Who is testing the sails and where?
We have a team on Fuerte, Me, Will Ward and Pieter Delaleeuw. Nestor Macias in Pozo was testing the smaller sizes, Richi Accion in Galicia and John in Scotland. We’ve also given prototypes to rental customers on Fuerte.
The sails seem a little higher aspect than average…why is this?
We just found this was working the best. We had tried some low aspect sails and did not find them very effective. A slightly higher aspect improves the lower end range of the sails. Water starting becomes easier and faster. The shorter boom gives more clearance to the wave. If the wind is not perfect side shore, between waves the wind lower down is less and more gusty. Also we did not want a too wide head or reduce mast length by sloping the sail down from the top batten. Like this the top batten is not supported enough and flops about more than actually doing anything. From Pozo they were super happy with the total wind range of the smaller sizes. And since we can use smaller sizes in the same wind strength we do not actually have a longer mast but a shorter boom. Wave sails are not about top speed but need to give a combination of planing power, keeping planing, wind range, control, strength and manoeuvrability/handling.
What specific design features of the sail are you most proud of?
Apart from the construction probably the whole performance and feel we have achieved. For some reason we now use smaller sails then we used to even if the sails have less shape. They are very manoeuvrable on the wave and very good in getting planing and keeping speed. Quite a lot of the feedback starts with: I have to admit I was a bit sceptical at first but…..
Why did you decide against a 3 batten sail?
I did not really decide against 3 batten sails but you can only do one thing at a time and priority was functional sails. 3 batten sails have a smaller range of use. It is also clear now that 3 batten sails have a shorter lifespan than 4 batten sails in the same construction. Then you also have the issue of the foot batten. Do you put this under or through the boom? From the sail performance POV I would be inclined to go for a cross batten but I am not too keen on a batten through my vision of the wave and then you also have an issue with the foot fluttering. I used to think that a soft sail could be ideal for float n ride conditions but with the Slayer we are already beyond that now.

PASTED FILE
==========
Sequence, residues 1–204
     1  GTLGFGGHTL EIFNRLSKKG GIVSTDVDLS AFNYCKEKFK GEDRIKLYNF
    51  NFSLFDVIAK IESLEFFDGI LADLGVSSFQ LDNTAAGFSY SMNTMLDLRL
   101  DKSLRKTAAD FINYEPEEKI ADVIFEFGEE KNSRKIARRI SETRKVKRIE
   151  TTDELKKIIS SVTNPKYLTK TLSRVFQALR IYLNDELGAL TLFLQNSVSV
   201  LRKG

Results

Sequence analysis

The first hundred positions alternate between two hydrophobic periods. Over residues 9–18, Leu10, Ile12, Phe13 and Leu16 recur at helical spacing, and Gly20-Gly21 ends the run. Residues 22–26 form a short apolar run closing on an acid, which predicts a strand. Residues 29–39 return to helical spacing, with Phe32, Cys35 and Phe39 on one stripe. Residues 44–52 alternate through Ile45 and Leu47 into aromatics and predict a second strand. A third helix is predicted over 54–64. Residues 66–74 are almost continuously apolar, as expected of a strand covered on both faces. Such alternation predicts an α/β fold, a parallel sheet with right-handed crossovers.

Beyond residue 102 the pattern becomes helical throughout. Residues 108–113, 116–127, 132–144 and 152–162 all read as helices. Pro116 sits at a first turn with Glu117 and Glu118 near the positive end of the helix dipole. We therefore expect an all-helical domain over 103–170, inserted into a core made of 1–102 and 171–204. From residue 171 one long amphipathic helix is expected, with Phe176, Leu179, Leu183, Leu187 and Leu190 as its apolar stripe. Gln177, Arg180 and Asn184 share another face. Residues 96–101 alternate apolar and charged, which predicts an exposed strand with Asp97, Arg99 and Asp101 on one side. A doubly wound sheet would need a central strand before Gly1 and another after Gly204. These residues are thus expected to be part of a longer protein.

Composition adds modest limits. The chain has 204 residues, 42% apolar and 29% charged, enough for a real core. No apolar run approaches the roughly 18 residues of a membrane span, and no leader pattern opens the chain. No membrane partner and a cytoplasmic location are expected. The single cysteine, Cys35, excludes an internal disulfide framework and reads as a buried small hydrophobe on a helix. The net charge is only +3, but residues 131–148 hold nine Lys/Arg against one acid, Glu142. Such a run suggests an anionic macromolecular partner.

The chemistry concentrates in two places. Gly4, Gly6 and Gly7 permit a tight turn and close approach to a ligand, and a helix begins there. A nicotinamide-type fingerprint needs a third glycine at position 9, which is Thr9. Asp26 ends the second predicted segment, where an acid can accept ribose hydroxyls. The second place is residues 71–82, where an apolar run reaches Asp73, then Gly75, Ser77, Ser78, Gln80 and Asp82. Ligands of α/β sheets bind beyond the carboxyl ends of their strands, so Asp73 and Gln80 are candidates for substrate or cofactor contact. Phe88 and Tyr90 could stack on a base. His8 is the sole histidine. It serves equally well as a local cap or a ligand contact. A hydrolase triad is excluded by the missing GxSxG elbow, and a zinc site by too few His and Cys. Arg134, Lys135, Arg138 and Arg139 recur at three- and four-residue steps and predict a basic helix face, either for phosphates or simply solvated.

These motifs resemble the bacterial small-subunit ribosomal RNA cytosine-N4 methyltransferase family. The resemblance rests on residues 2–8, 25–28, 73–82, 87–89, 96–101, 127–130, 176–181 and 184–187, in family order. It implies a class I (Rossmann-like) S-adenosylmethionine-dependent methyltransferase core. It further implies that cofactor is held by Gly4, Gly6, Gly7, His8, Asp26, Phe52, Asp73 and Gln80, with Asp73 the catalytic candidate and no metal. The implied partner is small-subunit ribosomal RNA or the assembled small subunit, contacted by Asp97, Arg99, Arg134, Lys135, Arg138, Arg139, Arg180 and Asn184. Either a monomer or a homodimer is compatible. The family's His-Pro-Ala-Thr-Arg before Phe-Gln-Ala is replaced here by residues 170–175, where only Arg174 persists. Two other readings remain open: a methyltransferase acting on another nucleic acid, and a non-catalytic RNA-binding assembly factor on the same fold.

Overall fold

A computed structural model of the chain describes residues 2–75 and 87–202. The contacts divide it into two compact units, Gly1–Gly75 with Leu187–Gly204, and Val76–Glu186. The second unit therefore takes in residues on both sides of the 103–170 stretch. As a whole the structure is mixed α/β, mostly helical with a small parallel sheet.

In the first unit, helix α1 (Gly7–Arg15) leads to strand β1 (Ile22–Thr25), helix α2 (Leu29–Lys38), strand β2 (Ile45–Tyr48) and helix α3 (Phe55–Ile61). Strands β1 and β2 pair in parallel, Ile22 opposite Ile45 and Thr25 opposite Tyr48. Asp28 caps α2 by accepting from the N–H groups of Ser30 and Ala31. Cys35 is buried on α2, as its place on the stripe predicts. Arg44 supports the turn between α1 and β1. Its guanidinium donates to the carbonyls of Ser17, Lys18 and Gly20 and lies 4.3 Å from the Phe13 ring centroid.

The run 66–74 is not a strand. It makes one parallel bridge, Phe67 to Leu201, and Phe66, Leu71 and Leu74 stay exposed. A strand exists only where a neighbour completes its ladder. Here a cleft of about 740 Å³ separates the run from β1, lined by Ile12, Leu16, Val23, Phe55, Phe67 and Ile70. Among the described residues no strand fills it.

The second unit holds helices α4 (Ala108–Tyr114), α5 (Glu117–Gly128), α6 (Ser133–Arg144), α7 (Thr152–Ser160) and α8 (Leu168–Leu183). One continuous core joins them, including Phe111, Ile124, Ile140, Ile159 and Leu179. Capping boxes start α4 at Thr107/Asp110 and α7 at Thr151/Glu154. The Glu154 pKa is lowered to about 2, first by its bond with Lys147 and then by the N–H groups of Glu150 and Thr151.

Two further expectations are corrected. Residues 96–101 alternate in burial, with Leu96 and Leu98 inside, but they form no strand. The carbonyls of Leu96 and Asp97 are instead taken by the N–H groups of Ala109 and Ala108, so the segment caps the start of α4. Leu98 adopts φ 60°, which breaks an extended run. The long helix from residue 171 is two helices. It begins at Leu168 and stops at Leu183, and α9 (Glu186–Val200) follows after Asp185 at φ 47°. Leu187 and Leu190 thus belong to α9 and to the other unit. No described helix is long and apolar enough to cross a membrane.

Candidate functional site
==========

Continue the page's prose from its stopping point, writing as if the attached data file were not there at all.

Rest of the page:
What warranty do the sails come with?
We are the first brand to offer 30 years full guarantee against rust. Just kidding. They have the normal 2 years guarantee. Neither me or John really think like this, if there is something wrong that should not have been, we´ll solve it, even after 2 years. Sails are far easier for issues like that than boards since you can see nearly everything, at the latest the moment you rig it.
Where can the sails be tested?
Here at our test centre on Fuerte, at the TWS in El Medano, Cutre in Pozo, Sailrepair in the UK and Boardrepair in Holland. If someone wants to test sails in their local conditions we can send them a demo sail if they pay for the postage. This will be discounted again when purchasing sails.